A lot of consultants have made good money conducting weekend seminars at which they promise participants will learn new, highly effective moves for dealing with workplace conflict and complicated problems. Yet it seems that after a few weeks of evangelical enthusiasm back in the real world participants find themselves right back in the same old ineffective ruts they sought to escape by taking the weekend workshop.
This failure is due to a misunderstanding of what it takes to learn new moves, especially when the new moves are aimed at displacing older, habitual ways of acting in response to typical life stresses and dilemmas.
Moreover, there is an underlying assumption among westerners that further handicaps the process of learning to produce new actions. This is the belief that mere cognitive understanding of how we might put an obviously useful concept to use will actually enable us to perform the new action in a real-world setting. In short, the belief holds that cognitive understanding of how and why to move differently is all that is necessary to actually produce the new move.
Students of Aikido, or any martial art, know that the path of learning new moves is one of regular physical practice, perhaps under the guidance of a qualified teacher. It may help in some ways for students to read books or view video clips to help them understand what they are learning on the mat. But to actually produce increasingly effective Aikido moves in real-time with a real opponent, years of repetitous physical practice to produce these moves are necessary.
The reason that weekend seminars to learn new actions are largely unsuccesful is precisely because learning new moves takes extended physical practice, and that mere understanding of how and why to act, and maybe token practice, does not enable one effectively to produce the new move.
Additionally, participants in programs to learn new behavior often don't realize that they are handicapped by the fact that they already have very well polished and practiced action programs to achieve certain, often conflicting, results in daily life. These existing action programs are automatic and reflexive, that is, we just perform them in situations without thinking about what to do. Often these existing programs are the source of our problems, and they are why we want to learn new moves in the first place; that is, to produce different and more effective results.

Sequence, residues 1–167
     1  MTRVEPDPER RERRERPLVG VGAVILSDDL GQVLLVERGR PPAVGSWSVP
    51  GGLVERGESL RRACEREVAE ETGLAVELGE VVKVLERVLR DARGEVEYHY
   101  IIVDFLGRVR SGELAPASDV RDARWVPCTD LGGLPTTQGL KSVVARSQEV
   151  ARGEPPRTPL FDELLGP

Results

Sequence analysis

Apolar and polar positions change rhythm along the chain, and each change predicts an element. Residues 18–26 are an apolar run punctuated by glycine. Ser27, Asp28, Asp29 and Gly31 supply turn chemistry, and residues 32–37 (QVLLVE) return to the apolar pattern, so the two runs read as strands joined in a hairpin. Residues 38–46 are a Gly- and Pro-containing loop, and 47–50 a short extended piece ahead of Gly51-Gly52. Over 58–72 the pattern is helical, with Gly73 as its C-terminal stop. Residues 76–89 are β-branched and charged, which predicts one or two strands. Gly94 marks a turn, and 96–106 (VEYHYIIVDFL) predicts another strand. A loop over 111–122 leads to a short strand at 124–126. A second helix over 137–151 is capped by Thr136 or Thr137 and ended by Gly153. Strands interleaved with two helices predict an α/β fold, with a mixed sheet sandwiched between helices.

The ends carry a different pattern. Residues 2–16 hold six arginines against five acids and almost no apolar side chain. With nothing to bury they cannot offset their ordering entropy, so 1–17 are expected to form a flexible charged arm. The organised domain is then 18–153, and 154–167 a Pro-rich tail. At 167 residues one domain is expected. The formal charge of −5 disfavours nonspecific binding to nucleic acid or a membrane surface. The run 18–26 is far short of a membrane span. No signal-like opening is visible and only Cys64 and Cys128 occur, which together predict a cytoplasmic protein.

An example of such an existing action program is: "own and control the playing field." Fueled by the value of "win, do not lose," this action strategy directs the behavior of micro-managers who cannot delegate anything and are constantly hovering over peoples' shoulders. A catch phrase of this strategy is, "if you want something done right, do it yourself." To displace the action programs that set this strategy in motion in real-world situations takes a great deal of new practice, both physical and abstract. And this practice takes time. Certainly more than a weekend.
Our very impatience, driving us to want and expect instant results, is itself a reflexive habit that inhibits learning. Many of the fundamental physical practices involved in putting Aikido principles to use in daily life are designed to help people slow down the world and cultivate patience at times of stress.
Chris Thorsen and I included some simple practices for physical grounding, slowing down the world, and cultivating patience in Peter Senge's 1999 The Dance of Change. These practices included:
- Decline to react immediately and stop, let your mind find your physical center and breathe into it a few times. Then act.
- Don't answer the phone on the first ring. When the phone rings make the ring tone a cue for you to find your center and breathe into it. Answer the phone on the third ring.
If Aikido is to become a useful guide for how we can produce more effective results through our actions in the real-world, it will be important to develop new real-world-based learning practices and methods of teaching them to people that will actually help people produce new moves when they need to do so.
In this segment I have argued that prolonged physical practice and patience are required to supplant existing action programs we already have polished for use in difficult situations. And I have claimed that weekend seminars and mere cognitive understanding of promising new moves is insufficient to set these ideas into motion.
A question then arises: how to design and conduct learning practices to create the desired results. Do we list all the possible situations of conflict or difficulty people can get into and then work up scripts of new proposed behaviors? Is there another perhaps simpler way? Yes, I think so. It is based on the theory of self-correcting systems, or Cybernetics. Examining how the theory of Cybernetics could apply to training aimed at putting Aikido principles to use in everyday life will be the focus of later installments.